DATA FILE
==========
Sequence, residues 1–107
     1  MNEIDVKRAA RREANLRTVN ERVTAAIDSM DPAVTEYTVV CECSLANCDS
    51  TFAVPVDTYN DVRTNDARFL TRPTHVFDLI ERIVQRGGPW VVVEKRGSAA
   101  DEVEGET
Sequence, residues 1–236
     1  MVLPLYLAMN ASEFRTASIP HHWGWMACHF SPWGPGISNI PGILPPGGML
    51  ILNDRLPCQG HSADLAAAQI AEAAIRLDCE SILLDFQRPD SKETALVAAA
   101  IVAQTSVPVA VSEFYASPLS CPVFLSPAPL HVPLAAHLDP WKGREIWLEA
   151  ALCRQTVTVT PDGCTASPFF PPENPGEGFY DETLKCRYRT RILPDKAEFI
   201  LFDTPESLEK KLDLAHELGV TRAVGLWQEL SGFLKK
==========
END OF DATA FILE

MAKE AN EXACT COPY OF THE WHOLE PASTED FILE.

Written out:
Sequence, residues 1–107
     1  MNEIDVKRAA RREANLRTVN ERVTAAIDSM DPAVTEYTVV CECSLANCDS
    51  TFAVPVDTYN DVRTNDARFL TRPTHVFDLI ERIVQRGGPW VVVEKRGSAA
   101  DEVEGET
Sequence, residues 1–236
     1  MVLPLYLAMN ASEFRTASIP HHWGWMACHF SPWGPGISNI PGILPPGGML
    51  ILNDRLPCQG HSADLAAAQI AEAAIRLDCE SILLDFQRPD SKETALVAAA
   101  IVAQTSVPVA VSEFYASPLS CPVFLSPAPL HVPLAAHLDP WKGREIWLEA
   151  ALCRQTVTVT PDGCTASPFF PPENPGEGFY DETLKCRYRT RILPDKAEFI
   201  LFDTPESLEK KLDLAHELGV TRAVGLWQEL SGFLKK